Domain Name System (DNS) IETF Improving Technical Security Privacy

DNS Privacy and Route-Aggregation Research Awarded 2015 ANRP; 2016 Nominations Open

The latest recipients of the Applied Networking Research Prize (ANRP) for 2015 are Haya Shulman and João Luís Sobrinho. Shulman won her award for analyzing the deficiencies of different approaches to DNS privacy. You can read the full paper at

Sobrinho and his co-authors won their award for designing a route-aggregation technique that allows filtering while respecting routing policies. You can read the full paper at

Shulman and Sobrinho have been invited to present their findings to the Internet Research Task Force open meeting during IETF 93 in July in Prague, Czech Republic. Remote participation details and the exact timing of their presentations will be available at in due course.

For the 2015 award period of the ANRP, 33 eligible nominations were received. Each submission was reviewed by 3-5 members of the selection committee according to a diverse set of criteria, including scientific excellence and substance, timeliness, relevance, and potential impact on the Internet. Based on this review, five submissions will be awarded prizes in 2015. The first ANRP award for 2015 was given to Aaron Gember-Jacobson.

Nominations for the 2016 ANRP awards is now open. Nominations can be submitted until 31 October 2015 via the ANRP submission site. You can also read more about the awards and how to nominate.

IETF Open Internet Standards Technology

Final 2014 Applied Networking Research Prize (ANRP) Winners Announced – 2015 Nominations Open Now!

As we rapidly approach the last Internet Engineering Task Force meeting for the year, it’s time to announce the final winners of the Applied Networking Research Prize for 2014.

The ANRP awards for IETF 91 go to:

Sharon, Tobias and Misbah have been invited to present their findings in the Internet Research Task Force open meeting during IETF 91 in Honolulu, Hawaii, USA, on November 11th. Remote participation details will be available at

The call for nominations for the 2015 ANRP award cycle remains open until October 31st. Submit your nominations via the submission site or by email to to support great networking research getting the recognition it deserves!

Development Growing the Internet

Tackling the Digital Divide – Researching & Collaborating to Bring Everyone Online

The challenges we must overcome to bring the world’s offline population online should not be underestimated. A recent McKinsey report [“Offline and falling behind: Barriers to Internet adoption”] finds that, “More than 60 percent of the world’s population remains offline. Without removing crucial deterrents to Internet adoption, little will change—and more than 4 billion people may be left behind.”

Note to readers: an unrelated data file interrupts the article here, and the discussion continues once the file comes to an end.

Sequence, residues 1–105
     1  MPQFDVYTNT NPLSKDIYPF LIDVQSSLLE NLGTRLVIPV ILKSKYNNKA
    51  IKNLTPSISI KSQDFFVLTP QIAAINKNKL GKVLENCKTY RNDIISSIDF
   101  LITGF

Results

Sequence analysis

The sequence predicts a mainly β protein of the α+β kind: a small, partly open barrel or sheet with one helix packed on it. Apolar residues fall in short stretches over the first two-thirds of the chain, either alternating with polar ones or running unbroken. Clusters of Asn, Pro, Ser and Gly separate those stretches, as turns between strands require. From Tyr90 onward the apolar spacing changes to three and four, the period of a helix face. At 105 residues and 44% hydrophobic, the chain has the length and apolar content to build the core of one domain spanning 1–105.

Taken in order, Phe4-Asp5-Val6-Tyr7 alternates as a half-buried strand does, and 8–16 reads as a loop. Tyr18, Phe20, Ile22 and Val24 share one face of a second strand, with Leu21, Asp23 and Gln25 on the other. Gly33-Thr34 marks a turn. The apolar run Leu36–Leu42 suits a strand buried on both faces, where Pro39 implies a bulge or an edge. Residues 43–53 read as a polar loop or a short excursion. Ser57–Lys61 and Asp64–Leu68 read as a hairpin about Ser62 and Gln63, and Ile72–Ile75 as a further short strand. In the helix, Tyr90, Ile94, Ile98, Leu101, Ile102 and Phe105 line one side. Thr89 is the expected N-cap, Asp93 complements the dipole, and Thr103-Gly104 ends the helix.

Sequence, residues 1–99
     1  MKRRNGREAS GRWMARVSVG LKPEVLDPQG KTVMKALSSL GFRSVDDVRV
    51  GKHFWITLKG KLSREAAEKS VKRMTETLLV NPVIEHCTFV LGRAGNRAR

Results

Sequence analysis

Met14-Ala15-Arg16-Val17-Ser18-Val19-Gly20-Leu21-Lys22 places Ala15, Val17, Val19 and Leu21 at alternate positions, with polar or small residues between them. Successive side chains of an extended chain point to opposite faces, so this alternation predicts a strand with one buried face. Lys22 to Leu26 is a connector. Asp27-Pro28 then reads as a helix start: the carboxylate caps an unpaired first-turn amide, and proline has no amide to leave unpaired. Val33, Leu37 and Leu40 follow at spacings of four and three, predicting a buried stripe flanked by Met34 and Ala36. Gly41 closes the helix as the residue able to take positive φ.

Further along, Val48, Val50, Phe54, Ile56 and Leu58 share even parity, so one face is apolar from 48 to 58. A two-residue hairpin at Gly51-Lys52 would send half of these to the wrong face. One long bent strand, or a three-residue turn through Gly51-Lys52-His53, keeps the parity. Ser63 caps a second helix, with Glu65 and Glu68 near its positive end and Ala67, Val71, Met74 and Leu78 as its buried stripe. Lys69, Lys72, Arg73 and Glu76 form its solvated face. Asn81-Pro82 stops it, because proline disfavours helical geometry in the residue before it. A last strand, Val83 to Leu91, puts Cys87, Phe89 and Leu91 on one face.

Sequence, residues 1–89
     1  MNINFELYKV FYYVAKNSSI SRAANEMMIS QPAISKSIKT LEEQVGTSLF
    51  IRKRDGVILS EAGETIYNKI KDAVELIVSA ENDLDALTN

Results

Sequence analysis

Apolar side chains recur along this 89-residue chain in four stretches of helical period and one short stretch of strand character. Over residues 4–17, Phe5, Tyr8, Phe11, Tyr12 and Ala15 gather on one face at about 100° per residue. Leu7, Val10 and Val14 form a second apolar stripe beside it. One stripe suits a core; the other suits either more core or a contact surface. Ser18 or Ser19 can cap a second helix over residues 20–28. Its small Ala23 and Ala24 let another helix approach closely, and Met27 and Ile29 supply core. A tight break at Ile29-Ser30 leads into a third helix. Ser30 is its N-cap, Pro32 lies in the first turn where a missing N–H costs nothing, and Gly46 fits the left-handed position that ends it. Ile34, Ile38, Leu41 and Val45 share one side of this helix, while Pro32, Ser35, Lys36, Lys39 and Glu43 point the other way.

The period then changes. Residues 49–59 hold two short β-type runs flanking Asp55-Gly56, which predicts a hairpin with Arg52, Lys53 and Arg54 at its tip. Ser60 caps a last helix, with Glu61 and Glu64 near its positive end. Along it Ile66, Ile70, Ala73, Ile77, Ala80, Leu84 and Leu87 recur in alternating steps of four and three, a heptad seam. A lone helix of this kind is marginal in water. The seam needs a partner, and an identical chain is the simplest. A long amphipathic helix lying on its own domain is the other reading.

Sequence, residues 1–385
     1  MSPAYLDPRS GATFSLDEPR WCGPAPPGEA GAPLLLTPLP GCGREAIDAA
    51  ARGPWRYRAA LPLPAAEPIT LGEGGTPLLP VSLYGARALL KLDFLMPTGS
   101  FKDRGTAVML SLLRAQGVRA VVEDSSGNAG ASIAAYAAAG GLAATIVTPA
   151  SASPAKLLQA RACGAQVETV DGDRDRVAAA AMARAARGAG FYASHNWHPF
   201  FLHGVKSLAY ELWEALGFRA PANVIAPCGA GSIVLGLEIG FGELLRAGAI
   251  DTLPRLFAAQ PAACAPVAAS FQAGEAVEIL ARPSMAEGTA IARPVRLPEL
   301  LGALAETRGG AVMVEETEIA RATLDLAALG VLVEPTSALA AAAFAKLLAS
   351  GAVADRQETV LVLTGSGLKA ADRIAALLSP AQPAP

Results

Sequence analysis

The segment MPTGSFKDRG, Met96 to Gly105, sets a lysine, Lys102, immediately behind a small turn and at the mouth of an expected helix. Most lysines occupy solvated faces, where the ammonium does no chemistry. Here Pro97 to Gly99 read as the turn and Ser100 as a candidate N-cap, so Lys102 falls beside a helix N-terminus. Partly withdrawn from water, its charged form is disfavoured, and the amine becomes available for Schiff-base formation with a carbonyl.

To address some of these challenges, the networking research community are coalescing around a new research group in the Internet Research Task Force with the cute acronym GAIA — Global Access to the Internet for All. After its initial kickoff meeting at IETF 89 in London, the group is now hotly debating a charter for its work at present and the latest draft is available from its webpage. In addition to identifying challenges, building common understanding, raising awareness and fostering collaboration, the group have set themselves the ambitious goal of identifying ways to achieve a ten-fold reduction in Internet access costs especially in geographies and populations with low penetration.

Although still in formation, the group already have a couple of workshops planned, the first of which is later this month in Cambridge, England. On 20-21 October, the 2nd GAIA Meeting will focus on bringing together the research community, industry, and policy makers to discuss a 3-5 year research agenda. Discussions will focus on the challenges to GAIA as well as the different projects and deployments taking place and planned.

The Internet Society is proud to provide support for this workshop.

Arjuna Sathiaseelan, writing recently in the IETF Journal said, “The Internet has crossed new frontiers — access has gotten both faster and relatively cheaper, with novel applications and services being offered every day. As a result, today’s Internet represents a critical infrastructure enabling remote health care, education, employment, e-governance, digital economy, social networks, and more. As such, Internet access should be universal in terms of availability and ability to contribute to the wider community, thereby enabling true digital inclusion to all.” [“Researching Global Access to the Internet for All (GAIA)”, the IETF Journal, July 2014].

The second planned event is the 3rd GAIA Meeting, which will be co-located with the ACM DEV 5 conference on 4 December 2014. DEV 5 will be held at the Hilton San Jose hotel in San Jose, California.

If you have some research results or project plans to share or you’d just like to get involved in the discussion, the mailing list for GAIA is always open!